“I’d say probably it’d be towards the higher number in counting yet that’s not important.”

Why is that?

“In other words, we’re starting the best players. Guys we feel like give us the best chance to win. Comparing that versus other prior years doesn’t’ seem to give us any more advantage. Obviously it’d be a note that I would have maybe or someone would pass it along. But it’s all relative to this team.”

That answer might apply here as well, you had seven new starters on defense, eight if you count P.J. (Williams) even though he was your week one starter in 2016, what are the inherent contributions to turnovers on defense?

“Part of it’s trying to put the players in the best position possible to have success. Now, are they doing what they’re being asked? Do they know what to do? These are a few of the things we have to evaluate these players on. But clearly with the way we had played in the past, that wasn’t good enough. That wouldn’t be very smart. That’s still ongoing. There’s tape for them to watch coming in this morning

What did you think of the flag on Alex Anzalone when you looked at it again on tape after the game?

“I thought it was a tough call, tough decision. It’d be hard for them to say anything different, but I think the player is doing well.”

When you look at a play like that second touchdown on (De’Vante) Harris, how much of that is technique versus a receiver making a really good play?

“You are talking about the tight red zone, back shoulder? That’s a good play. You have a receiver, you have a good throw location. That is part of playing corner and we will continue to work (with him). But I think he’s competing there and in position. You have to give them credit. From a throw and catch standpoint, we try to do that often with Mike (Thomas).”

When you are reviewing tape in a situation like that, do you focus more on you were in a good position?

“We would not dwell on that maybe like you would. We would hit the clicker to the next play. That specific play. Does that make sense? Like now we may spend 15 minutes on another play with busted coverage and what are they being told? How are we coaching it? Why has this happened? But that back shoulder, that throw and catch, we’d get on to the next play and talk about leverage a little more and eyes. But a lot of it is just depending on the play.”

What do you think the primary similarities and differences are between (Drew) Brees and (Tom) Brady?

“They’re different in a lot of ways. I would say the similarities, obviously they’re similar in age and the success that they’ve both enjoyed in their careers. I think they are both comfortable with the pocket. I can speak more about Brees than I can Tom just from the obvious that I’ve coached and been around him. I think that clearly both are extremely diligent in their preparation and the way that they take care of themselves. I think that is some of the obvious.”

Do you remember any of your thoughts of those guys coming out of college? Any vision that these are two guys who could last and be special? Or not necessarily?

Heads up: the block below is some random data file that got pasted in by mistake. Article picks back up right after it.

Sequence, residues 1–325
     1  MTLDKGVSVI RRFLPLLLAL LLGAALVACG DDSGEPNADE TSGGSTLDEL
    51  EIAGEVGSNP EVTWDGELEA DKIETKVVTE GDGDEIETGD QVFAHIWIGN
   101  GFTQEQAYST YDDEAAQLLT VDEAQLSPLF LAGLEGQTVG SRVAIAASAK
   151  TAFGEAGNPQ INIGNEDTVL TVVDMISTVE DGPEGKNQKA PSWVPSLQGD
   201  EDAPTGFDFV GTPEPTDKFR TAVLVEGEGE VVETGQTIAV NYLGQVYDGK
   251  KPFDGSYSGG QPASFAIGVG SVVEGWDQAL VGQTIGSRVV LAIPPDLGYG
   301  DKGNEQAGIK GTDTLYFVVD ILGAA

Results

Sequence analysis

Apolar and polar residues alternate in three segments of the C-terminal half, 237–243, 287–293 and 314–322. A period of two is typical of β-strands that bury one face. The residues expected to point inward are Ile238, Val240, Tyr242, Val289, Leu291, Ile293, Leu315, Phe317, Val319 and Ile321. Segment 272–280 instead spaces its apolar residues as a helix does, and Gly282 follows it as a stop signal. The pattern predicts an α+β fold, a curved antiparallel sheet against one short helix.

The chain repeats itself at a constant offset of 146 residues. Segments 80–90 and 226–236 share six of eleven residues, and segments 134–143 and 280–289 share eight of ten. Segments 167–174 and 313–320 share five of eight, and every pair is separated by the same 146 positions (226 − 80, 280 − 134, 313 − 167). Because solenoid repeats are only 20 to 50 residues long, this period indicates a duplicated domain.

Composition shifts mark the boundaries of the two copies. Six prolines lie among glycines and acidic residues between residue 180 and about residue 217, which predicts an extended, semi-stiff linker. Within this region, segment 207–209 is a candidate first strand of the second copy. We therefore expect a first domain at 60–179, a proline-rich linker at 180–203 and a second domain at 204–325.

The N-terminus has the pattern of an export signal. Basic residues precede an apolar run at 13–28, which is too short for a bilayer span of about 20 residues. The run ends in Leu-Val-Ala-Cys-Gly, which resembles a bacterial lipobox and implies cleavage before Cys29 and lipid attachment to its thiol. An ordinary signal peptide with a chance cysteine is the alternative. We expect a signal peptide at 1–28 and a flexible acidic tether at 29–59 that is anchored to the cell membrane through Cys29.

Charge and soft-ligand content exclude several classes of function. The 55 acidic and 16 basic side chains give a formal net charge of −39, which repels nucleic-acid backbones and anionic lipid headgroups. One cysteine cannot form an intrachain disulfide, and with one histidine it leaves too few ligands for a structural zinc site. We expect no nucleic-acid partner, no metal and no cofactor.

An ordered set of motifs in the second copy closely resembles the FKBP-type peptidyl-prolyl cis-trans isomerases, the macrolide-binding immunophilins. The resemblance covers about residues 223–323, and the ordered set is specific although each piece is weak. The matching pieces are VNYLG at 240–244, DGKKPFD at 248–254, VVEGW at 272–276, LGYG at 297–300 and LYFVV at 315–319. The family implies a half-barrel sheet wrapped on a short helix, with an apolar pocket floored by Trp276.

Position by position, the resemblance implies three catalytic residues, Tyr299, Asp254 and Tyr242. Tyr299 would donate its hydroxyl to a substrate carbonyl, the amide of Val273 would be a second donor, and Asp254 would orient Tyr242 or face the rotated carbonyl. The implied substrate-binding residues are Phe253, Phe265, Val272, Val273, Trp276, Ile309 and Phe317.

“I remember the evaluation of both players very well. I remember the evaluation of Brady, we share an agent. I remember him coming out of Michigan and I remember Drew’s evaluation coming out of Purdue. If any one of us had a crystal ball, you’d be taking them in the first three picks of any draft. But I remember both of those evaluations well.”

What was the thought that stood out for you on Brady’s plusses and minuses back then?

“He was tough. Lloyd Carr, was coach (at Michigan) if I recalled (he) told me, ‘he is the toughest player he’s ever coached’. So you saw a little of that grit and toughness. He is a good leader. He had a strong arm. Those were some of the things. Ernie (Accorsi) would have my evaluation, it’s in New York somewhere.”

What’s it like preparing for situations like (Adrian) Peterson going back to Minnesota on Monday?

“I’ve said this before, every week there’s going to be a common (situation). Next week it’ll be A.J. (Klein). And the week after that it’ll be some (one else), Kenny Stills. And the week after that, it’s pretty common. We have to prepare for the player and understand his strengths and weaknesses and how he runs routes and the splits he takes.”

Coach Belichick said that Thomas Morstead is as good as a punter as this league has ever seen, how much do you agree with that given what you’ve seen and how much do you appreciate having a guy like Thomas on you squad?

“Thomas is athletic. I think that he’s done it for a long time and it’s significant when you can change field position. It’d be important for him to punt well this weekend.”

On the Jon Dorenbos thing, is that trade officially going to be rescinded or are the Eagles just sending the pick back? What were the conditions on that?

“You’d have to ask Mickey (Loomis). I’m not sure of the specifics. I just gave you what I thought was going to happen. In fact, I know that that’s what’s going to happen. You can check with Mickey on the specifics.”